My husband and son make an annual short climb up Black Butte in central Oregon. Usually, they ascend the little mountain easily — it’s just over 6,000 feet in elevation — and it’s clear skies for miles.
Not long ago, however, they found themselves in white-out conditions. They lost the trail and had no winter clothes or water, so they had to turn back just short of the peak. I had carefully packed an emergency backpack for them, but they had left it in the car. They came back home a little beat up, quite frozen, and slightly rattled. They learned their lesson that day: Always expect the unexpected. And that’s generally how we have approached raising our kids, notably our son.
A Spirited Child – and Cheerful Denial
As an infant, our son was in a perpetual state of motion and agitation. He was constantly spitting up and wriggling in discomfort. He only slept in short bursts, and had trouble nursing. I remember thinking to myself, “Wow, they weren’t kidding when they said babies are intense.”
He was also able to run at 9 months old. I remember thinking this was an auspicious sign that he’d grow up to be sporty, just like me. I also noticed that he was so much more spirited than other babies. They sat like placid lumps of dough on their parents’ laps in the play groups we’d attend. He did not.
When I had my second child, a girl, I thought to myself, “Wait, is my girl calm or is my boy active?” Their energy levels were so different. I wondered if something was wrong with one or the other.
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When my son was 3, we had to lock away all the dining room chairs because he had stacked them up, climbed over them, undid the many locks on the front door, and escaped for the great outdoors. “Geez, toddlers definitely deserve the bad rap they get — what rapscallions!” I thought. On my shopping list, I wrote: Baby locks for cabinets. Safety plugs for outlets.
The daycare teacher said our boy was a handful. But friends and acquaintances said that that’s just how boys are. I taught in schools myself and could think of many calm male students. But which was the exception: the calm ones or my decidedly not-calm kid?
A Pre-K parent was upset when my son intentionally stepped on his child’s fingers and made him cry during playtime. I had my kid apologize, but I secretly thought that the other kid seemed unusually sensitive.
In kindergarten, the teacher said our boy was a busy little beaver, always building things with blocks and needing encouragement to play with others. I thought, “He a creative little genius, that’s why. And the other kids are probably boring.”
[ADHD in Toddlers: Signs, Symptoms, and Treatment]
In the first grade, the teacher told us that our boy never followed directions, behaved recklessly, and was otherwise far from her behavior expectations for the classroom. What did we do? We got him out of that “rigid school.”
Climbing the Mountain
Though we eventually and reluctantly brought up these concerns to the pediatrician, he insisted that it couldn’t be ADHD. He’d seen ADHD, and this wasn’t it, he said.
But at around age 7, our son started to say things like, “I’m not a good listener. I’m a bad learner.” Our hearts dropped at these comments. Something was wrong. We had seen and heard enough concerning behavior, and we had to turn this around.
We brought him in for testing at a specialized clinic, and the results confirmed what had been glaringly obvious. He “passed” these screenings with flying colors and got his ADHD diagnosis.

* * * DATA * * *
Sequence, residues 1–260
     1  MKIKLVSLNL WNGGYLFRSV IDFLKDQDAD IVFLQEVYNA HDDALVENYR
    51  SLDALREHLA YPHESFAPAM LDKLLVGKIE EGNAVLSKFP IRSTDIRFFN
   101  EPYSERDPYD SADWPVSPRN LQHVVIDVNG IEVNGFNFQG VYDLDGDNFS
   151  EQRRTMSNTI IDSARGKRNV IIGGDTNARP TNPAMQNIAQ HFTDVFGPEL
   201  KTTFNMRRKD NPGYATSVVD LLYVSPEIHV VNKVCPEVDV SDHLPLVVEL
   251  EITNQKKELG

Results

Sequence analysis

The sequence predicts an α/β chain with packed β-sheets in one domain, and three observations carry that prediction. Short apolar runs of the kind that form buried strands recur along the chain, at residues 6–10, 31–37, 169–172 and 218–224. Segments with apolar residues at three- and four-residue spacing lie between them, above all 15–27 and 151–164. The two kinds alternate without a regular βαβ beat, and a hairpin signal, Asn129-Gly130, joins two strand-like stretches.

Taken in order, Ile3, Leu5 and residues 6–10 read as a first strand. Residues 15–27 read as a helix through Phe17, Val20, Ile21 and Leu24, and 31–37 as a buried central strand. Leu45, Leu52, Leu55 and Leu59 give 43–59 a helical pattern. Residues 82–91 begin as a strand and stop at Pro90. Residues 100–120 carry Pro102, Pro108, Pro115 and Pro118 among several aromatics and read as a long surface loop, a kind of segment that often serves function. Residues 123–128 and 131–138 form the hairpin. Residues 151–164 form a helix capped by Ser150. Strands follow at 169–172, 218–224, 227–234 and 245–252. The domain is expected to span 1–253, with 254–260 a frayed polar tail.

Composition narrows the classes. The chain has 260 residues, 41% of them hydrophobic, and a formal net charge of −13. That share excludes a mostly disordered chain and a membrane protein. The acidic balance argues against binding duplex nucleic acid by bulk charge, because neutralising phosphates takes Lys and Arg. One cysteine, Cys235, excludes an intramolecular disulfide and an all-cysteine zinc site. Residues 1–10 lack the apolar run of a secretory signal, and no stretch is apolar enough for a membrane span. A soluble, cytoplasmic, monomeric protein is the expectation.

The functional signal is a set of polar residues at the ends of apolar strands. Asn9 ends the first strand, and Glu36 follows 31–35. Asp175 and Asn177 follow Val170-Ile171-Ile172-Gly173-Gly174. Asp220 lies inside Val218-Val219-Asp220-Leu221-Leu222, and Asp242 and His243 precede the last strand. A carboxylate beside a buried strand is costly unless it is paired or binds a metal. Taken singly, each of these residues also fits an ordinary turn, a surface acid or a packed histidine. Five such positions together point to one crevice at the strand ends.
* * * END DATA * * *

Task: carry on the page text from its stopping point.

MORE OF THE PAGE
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I’ve seen quite a few other families, both professionally and personally, whose path toward enlightenment about ADHD has been equally full of detours, dead ends, and road construction signs. Some of them were told to go down the trail of, “It’s not ADHD; it’s sensory integration disorder. Or food sensitivity. Or “maladaptive daydreaming.” Or bad parenting.
Though these could explain some of what was going on for them, ultimately, all roads led to ADHD. And I think the years it took to get the diagnosis did a degree of damage to the psyches of the families and children alike. Without an appropriate diagnosis, you grasp at straws for how to make life easier and better for everyone involved.
I try not to proselytize about ADHD, but I certainly try to explain its symptoms when it comes up because I’ve found that people’s understanding of it is often incomplete. They erroneously believe that any kid who can play video games for hours couldn’t possibly have ADHD. They think that if a kid is intelligent, that must counter-indicate ADHD. Or they believe that their girl doesn’t have ADHD because she doesn’t have glaring behavioral problems.
Reaching the Summit of ADHD
I am thankful that we got a fairly early and accurate diagnosis for our kid. It turned around his poor self-esteem and helped him understand that he’s not damaged; he’s just neurodevelopmentally unique. Of course, it’s not all rosy. He is quite aware of the challenges that come with ADHD. That said, for many years, he has worn his ADHD badge with pride. He thinks it gives him superior curiosity, determination, productivity, and enthusiasm. He is not wrong.
We wear our “Parents of an ADHD Child” badge with pride as well. We’ve been on quite a journey. We can look back with amazement and humor at all the bush whacking we tackled through overgrown paths and all the times we had to give up and turn around just shy of some summit. We still find ourselves in white-out conditions at times, but our map skills have improved over the years, and we don’t leave behind our emergency supplies. We may be a little cold, scraped up and mud-splattered, but we have made it to the mountaintop of understanding.
Understanding ADHD: Next Steps
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